Today’s Sunday, so we have a themed batch of bird photos from evolutionary biologist John Avise. His notes and words are indented, and you can enlarge the photos by clicking on them (twice in succession to make them really large).
The Killdeer (Charadrius vociferus) gets its name from its high-pitched call: “keeeel deeeer”. [JAC: The Cornell bird site has an audio page of kildeer calls.] But this species is also known for its “broken-wing” display, which it uses to distract predators from its nest. Killdeer nest on the ground in a shallow scrape, and whenever a predator approaches, the nest-tender lures the animal from its eggs or chicks by running several yards away and performing a ruse in which it conspicuously flops on the ground pretending it has a broken wing. [I don’t know of any other bird that routinely displays such behavior.] Only after the confused predator departs does the Killdeer parent return to its nest to incubate the eggs or tend the young. These pictures were taken in Southern California.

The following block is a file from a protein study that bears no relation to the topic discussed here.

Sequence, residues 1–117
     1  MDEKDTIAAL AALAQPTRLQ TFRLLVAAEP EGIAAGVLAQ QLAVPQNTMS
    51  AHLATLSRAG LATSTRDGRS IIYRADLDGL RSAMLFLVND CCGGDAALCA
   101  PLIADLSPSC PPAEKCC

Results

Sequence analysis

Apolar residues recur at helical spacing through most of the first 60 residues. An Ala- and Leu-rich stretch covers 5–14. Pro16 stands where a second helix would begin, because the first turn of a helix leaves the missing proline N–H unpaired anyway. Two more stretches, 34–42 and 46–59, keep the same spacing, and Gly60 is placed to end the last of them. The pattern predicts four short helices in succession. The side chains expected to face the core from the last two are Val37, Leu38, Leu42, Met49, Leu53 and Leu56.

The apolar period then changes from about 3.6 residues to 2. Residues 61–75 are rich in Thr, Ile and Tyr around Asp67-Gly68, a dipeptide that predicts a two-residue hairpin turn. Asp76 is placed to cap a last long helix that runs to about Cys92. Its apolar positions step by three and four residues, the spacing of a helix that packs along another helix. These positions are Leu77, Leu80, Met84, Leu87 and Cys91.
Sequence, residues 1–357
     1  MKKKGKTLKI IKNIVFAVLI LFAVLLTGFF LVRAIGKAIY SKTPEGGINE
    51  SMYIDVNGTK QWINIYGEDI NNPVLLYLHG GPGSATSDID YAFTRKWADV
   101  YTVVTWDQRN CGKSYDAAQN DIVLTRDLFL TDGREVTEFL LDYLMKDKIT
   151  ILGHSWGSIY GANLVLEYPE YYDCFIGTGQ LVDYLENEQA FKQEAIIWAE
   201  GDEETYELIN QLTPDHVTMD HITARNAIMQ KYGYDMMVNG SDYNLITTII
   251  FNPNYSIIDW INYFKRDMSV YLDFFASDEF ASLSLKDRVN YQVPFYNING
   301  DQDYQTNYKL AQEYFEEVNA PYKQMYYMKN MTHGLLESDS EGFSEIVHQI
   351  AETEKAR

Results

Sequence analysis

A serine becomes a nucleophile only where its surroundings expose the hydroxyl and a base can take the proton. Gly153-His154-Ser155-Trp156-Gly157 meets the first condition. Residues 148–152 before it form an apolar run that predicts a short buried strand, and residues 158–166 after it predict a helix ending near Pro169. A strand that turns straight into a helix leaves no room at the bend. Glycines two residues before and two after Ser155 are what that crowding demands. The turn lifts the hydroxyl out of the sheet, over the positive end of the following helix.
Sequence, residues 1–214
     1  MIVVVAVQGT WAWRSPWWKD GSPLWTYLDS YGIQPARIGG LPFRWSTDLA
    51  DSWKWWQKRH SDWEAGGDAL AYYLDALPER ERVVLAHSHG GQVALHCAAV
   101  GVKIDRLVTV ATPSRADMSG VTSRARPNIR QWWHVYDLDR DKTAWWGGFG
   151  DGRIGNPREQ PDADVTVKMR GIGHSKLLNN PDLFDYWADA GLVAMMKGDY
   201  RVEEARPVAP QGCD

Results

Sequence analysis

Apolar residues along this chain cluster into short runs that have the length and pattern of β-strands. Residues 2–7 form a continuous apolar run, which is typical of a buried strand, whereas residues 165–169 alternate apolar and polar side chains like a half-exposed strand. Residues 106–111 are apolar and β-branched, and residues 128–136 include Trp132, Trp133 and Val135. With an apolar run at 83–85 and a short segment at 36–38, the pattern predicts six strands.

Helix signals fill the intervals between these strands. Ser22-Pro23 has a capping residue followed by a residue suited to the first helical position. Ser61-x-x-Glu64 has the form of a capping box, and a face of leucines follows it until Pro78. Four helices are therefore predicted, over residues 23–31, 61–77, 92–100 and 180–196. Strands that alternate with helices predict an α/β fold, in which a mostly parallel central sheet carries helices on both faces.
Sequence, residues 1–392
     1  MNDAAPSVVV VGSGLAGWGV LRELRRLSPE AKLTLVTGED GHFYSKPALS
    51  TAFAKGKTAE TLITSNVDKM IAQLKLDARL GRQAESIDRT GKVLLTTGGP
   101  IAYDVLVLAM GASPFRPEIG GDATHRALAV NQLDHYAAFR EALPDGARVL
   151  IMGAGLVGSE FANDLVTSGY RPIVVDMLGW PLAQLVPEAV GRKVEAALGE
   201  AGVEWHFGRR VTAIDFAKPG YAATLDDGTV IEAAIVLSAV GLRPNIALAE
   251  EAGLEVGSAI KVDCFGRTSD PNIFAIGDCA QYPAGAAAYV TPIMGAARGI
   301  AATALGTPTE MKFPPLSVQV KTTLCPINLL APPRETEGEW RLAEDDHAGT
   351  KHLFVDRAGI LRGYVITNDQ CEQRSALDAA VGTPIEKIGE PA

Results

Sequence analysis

Another adult, with reflection:
Killdeer are actually “shorebirds” (in the family Charadriidae):
Killdeer in flight (note the buffy rump patch):
Another Killdeer in flight (where they often issues their keeel-deeer call):
Nest with camouflaged eggs:
Adult on nest with eggs:
Another view of adult on nest:
Killdeer, broken-wing routine:
Another view of the broken-wing display:
More broken-wing display:
A final view of the broken-wing display:
JAC: I added a video from YouTube showing the broken-wing display in action as well as a kildeer sitting on its nest: